USDA’s Grain Stocks report, released on Friday, was a pretty big shock to the grain trade as it indicated substantially larger Sept. 1 corn stocks than the trade expected. The key numbers for corn, soybeans and wheat appear in Figure 1.

USDA’s estimate that 1.128 billion bushels of corn remained in bins at the beginning of the month was 17% higher than the average pre-report estimate and was over 7% above the highest estimate offered by any respondent to Dow Jones’ pre-report survey. While still 34% lower than last year, the number represents 166 million more bushels available to corn users next year and implies that $7-plus corn did indeed ration uses during late summer months.

There will be a lot of opinions regarding just who it was that blinked in July and August. Margin estimates show that there was little reason for ethanol usage to fall. Weekly data indicate that the pace of corn exports, which had been lagging behind 2010 levels since April, lagged even further right at the end of the marketing year. This suggests that export buyers did indeed respond negatively to higher prices and the stronger U.S. dollar. But the weekly data say that exports finished the year higher than USDA’s September estimate of 1.65 billion bushels.

It is likely that the biggest adjustment to account for the higher stocks will be a reduction in feed and residual usage in USDA’s next World Agricultural Supply and Demand report to be released on Oct. 11. And that is probably reasonable. There may be more cattle on feed, but low-$7 Omaha corn meant high-$7 corn in the Southern Plains and High Plains feeding areas and cattle feeders have been tinkering with rations all summer to reduce costs. Lower chicken egg sets finally drove chicken slaughter below year-ago levels in July and, even though the birds remain large and there was an increase in wheat feeding the east and southeast regions, less corn was used in late summer. And, though hog numbers have remained roughly the same as expected, the reason for those light market weights in July and August was heat-induced reductions in feed intake.

What do the higher numbers mean going forward? That will depend on prices. Market participants will collectively decide whether stocks are sufficient to justify now-lower prices, and either use the product at these price levels or bid them higher in order to drive some of the newfound stocks to the bottom of the supply and demand chart – adding them, or a portion of them, to 2012 ending stocks. USDA’s most recent forecast of 672 million bushels in year-end inventories is low indeed. I think a portion of this increase in year-beginning stocks will fall all the way to year-end stocks. But lower prices will allow all users to buy more corn than they had planned as well, so there will be some balancing as the year progresses.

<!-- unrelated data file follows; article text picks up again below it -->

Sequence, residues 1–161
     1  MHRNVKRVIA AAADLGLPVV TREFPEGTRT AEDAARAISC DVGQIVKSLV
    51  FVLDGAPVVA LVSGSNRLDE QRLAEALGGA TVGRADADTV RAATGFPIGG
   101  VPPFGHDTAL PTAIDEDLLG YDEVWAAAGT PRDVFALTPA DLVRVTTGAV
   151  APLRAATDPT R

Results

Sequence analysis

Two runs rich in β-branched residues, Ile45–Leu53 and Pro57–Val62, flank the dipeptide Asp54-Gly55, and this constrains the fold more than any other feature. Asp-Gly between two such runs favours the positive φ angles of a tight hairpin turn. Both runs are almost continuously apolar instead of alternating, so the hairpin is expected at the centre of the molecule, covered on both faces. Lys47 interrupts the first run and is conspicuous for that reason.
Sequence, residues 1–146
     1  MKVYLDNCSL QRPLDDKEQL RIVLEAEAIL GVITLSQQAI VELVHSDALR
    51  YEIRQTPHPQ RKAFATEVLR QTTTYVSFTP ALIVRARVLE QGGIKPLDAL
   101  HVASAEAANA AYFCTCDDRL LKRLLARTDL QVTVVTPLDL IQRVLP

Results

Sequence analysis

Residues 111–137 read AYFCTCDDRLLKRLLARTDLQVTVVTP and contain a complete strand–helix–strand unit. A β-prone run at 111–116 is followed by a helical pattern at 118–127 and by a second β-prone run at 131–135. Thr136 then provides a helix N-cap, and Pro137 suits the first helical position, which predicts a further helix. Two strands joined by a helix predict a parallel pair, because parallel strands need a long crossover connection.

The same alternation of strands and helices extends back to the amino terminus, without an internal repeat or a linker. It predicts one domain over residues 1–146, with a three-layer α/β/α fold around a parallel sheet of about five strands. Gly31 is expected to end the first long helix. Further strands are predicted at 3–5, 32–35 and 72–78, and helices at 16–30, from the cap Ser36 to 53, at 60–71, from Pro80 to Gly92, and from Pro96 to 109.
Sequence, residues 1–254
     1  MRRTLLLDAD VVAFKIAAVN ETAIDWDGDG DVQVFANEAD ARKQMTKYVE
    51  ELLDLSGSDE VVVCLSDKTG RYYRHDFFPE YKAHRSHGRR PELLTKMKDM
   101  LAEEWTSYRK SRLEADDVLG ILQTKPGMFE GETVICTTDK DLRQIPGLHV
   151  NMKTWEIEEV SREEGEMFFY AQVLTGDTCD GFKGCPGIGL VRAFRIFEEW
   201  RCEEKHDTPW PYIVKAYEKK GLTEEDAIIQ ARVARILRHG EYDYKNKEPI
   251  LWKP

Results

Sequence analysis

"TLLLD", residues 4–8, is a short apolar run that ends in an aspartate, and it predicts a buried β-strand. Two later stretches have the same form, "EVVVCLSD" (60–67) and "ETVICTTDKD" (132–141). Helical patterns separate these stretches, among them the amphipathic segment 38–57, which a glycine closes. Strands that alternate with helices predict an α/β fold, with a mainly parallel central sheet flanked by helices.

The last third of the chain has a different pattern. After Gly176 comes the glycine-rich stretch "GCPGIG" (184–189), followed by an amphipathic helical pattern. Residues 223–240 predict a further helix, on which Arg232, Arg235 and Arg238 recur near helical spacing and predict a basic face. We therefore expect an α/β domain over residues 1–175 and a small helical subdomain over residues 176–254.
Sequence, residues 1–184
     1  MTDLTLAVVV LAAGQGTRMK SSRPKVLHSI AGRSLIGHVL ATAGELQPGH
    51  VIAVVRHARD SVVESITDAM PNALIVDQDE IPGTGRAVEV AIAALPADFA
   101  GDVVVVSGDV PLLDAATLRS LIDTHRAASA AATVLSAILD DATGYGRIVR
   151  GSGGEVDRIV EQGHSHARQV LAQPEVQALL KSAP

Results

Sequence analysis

Sharpen Your Pencil, Chart a Course
To say the sell-off in corn futures has been dramatic is a colossal understatement. Figures 2 and 3 show daily December and July corn futures. It is hard to believe, but both of these charts are very near 50% retracements of the corn price rally that began back in July 2010. Lower oil prices and a dramatic shift in the investment community’s view of commodities, in general, are the primary drivers of the sell-off. But one thing is certain – it is providing a wonderful opportunity for livestock and poultry producers to manage costs all the way into 2013.

Figure 4 shows the costs and prices from my model based on Iowa State University (ISU) production parameters through the end of 2012. If your cost structure is close to that represented by the ISU estimates and you can realize the average Iowa-Minnesota basis of the past five years, you could have locked in profits of $13.22/head for all hogs sold in 2012 at Friday’s closing corn, soybean meal and Lean Hog futures prices.

And if you have sold cash hogs and bought cash grains this year and you lock in the rest of those costs for 2011, your average profits will be $6.54/head – the best 2011 estimate I have seen since last spring when corn prices were last at these levels and soybean meal was actually $30-$40/ton higher than implied by current futures prices.

To put it in perspective, look at Figure 5. Should Friday’s prices prevail, next year’s peak monthly profits will be almost as good as the best months of 2010, and there will be fewer months of losses.

There is a lot of water to pass under the bridge between now and the end of 2012. Many things could happen – both positive and negative. The correct course of action depends on your financial position, production parameters and attitude toward risk. Sharpen your pencil and chart out a course of action to take advantage of the profits being offered. Only five years since 1991 have been better than the figures say 2012 could be as of Friday’s close and one of those five was only $0.49/head better.

Click to view graphs.

Steve R. Meyer, Ph.D.
Paragon Economics, Inc.
e-mail: steve@paragoneconomics.com